The melanocortin system plays a pivotal role in the regulation of appetite and energy balance. It was recognized to play an important role in the development of cancer-related cachexia, a debilitating condition characterized by progressive body wasting associated with anorexia, increased resting energy expediture and loss of fat as well as lean body mass that cannot be simply prevented or treated by adequate nutritional support.
The recent advances in understanding of mechanisms underlying cancer-related cachexia led to consequent recognition of the melanocortin system as an important potential therapeutic target. Several molecules have been made available for animal experiments, including those with oral bioavailability, that act at various checkpoints of the melanocortin system and that might confer singificant benefits for the patients suffering from cancer-related cachexia. The application of melanocortin 4 receptor antagonists/agouti-related peptide agonists has been however restricted to animal models and more pharmacological data will be necessary to progress to clinical trials on humans. Still, pharmacological targeting of the melanocortin system seem to represent an elegant and promising way of treatment of cancer-related cachexia.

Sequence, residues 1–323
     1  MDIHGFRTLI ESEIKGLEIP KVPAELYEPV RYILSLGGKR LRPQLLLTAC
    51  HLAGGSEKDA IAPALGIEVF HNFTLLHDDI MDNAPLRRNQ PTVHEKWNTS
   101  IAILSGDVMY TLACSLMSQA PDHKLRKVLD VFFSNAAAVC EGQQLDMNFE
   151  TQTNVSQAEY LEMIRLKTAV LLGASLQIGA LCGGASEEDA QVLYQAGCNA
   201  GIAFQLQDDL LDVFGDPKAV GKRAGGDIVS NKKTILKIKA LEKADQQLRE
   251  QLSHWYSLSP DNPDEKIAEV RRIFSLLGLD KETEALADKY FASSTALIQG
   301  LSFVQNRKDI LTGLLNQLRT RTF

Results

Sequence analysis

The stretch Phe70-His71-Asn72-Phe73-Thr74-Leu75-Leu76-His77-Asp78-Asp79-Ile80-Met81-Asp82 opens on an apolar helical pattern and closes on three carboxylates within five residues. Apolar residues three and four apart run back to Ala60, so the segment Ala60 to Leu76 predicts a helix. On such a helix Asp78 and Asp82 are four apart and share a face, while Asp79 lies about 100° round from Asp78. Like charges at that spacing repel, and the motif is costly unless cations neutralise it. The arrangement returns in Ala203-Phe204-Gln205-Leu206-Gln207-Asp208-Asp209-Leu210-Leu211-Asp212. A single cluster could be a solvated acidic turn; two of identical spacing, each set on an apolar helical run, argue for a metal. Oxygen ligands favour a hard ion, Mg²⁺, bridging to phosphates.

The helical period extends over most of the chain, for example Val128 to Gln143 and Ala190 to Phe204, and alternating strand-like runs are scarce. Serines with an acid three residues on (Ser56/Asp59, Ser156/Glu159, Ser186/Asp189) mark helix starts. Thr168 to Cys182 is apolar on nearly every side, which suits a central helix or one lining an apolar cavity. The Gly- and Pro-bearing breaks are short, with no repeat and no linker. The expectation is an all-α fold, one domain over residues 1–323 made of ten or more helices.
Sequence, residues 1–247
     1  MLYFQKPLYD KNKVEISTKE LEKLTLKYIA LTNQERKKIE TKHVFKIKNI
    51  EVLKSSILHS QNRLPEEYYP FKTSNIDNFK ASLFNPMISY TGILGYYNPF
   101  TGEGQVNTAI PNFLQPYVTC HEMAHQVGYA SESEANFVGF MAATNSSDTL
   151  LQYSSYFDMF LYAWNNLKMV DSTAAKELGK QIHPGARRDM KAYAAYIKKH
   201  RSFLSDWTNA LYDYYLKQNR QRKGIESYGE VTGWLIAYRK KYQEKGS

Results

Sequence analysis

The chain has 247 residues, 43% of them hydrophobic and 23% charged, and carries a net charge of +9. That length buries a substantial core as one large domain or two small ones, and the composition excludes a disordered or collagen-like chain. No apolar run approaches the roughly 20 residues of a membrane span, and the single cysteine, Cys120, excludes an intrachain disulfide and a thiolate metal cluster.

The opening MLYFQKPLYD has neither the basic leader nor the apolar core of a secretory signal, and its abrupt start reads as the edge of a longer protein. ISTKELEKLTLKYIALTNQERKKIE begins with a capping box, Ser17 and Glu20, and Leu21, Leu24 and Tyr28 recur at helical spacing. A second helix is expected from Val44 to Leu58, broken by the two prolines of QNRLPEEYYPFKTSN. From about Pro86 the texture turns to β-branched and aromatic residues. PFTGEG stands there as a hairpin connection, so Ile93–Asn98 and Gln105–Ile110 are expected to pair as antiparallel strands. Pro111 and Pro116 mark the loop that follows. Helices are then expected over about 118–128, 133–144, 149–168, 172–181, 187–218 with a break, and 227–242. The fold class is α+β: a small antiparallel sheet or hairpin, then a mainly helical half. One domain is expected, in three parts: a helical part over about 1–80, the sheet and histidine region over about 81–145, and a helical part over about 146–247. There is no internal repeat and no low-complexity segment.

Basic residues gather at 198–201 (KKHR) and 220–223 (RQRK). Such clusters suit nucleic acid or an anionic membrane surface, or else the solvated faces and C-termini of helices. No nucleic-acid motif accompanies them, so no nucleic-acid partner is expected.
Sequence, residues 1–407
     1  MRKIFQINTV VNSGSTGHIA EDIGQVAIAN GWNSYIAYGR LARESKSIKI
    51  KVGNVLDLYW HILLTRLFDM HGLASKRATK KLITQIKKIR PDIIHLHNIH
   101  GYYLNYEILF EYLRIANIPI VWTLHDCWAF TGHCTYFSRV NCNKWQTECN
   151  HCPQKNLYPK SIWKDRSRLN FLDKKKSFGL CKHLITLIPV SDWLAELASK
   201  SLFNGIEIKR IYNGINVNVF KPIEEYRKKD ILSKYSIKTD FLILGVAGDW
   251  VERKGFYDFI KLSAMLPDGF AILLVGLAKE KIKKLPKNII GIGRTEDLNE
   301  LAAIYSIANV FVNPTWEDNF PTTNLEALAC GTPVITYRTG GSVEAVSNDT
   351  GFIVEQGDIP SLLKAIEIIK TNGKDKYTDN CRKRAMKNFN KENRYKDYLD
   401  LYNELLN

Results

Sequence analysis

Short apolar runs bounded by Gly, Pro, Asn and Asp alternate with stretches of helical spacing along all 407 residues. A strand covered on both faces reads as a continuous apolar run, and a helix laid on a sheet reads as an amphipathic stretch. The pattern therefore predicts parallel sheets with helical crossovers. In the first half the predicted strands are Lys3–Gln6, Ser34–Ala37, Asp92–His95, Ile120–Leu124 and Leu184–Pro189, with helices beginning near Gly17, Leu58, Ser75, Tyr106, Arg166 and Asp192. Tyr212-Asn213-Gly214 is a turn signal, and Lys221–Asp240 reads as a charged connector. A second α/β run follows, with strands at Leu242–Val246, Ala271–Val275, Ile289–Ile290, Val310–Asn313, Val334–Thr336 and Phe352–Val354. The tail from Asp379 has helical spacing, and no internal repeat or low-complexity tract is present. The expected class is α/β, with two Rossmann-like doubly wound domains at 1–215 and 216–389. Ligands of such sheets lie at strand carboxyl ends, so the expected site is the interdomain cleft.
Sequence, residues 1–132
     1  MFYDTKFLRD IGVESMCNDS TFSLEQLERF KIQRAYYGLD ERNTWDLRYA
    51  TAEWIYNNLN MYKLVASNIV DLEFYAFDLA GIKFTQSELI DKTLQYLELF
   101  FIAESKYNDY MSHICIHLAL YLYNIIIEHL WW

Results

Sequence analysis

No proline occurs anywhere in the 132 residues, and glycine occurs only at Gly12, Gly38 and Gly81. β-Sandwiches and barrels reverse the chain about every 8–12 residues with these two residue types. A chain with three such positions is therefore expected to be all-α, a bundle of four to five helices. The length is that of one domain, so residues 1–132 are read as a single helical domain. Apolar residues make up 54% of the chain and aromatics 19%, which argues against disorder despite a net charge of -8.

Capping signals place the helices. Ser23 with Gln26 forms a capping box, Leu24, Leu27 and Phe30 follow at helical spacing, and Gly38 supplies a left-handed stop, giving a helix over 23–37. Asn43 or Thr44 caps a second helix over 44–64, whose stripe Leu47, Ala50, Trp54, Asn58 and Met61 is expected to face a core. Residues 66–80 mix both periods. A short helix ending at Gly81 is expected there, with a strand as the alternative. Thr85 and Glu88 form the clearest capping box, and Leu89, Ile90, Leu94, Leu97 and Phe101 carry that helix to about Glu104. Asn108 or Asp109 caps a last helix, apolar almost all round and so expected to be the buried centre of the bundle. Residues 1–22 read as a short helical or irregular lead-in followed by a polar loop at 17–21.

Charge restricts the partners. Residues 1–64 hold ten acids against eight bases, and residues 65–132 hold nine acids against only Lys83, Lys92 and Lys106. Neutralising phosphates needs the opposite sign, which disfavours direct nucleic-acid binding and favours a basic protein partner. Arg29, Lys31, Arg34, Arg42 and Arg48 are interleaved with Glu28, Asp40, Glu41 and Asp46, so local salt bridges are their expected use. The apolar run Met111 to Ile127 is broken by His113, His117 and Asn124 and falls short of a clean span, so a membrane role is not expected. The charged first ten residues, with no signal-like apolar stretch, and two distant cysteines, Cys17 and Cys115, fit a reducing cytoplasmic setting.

DeWys W.D., Weight loss and nutritional abnormalities in cancer patients: incidence, severity and significance. In: Clinics in Oncology, Calman K.C., Fearon K.C.H. (Eds.) London: Saunders, vol. 5, no. 2, p. 251–261., 1986
Financed by the National Centre for Research and Development under grant No. SP/I/1/77065/10 by the strategic scientific research and experimental development program:
SYNAT - “Interdisciplinary System for Interactive Scientific and Scientific-Technical Information”.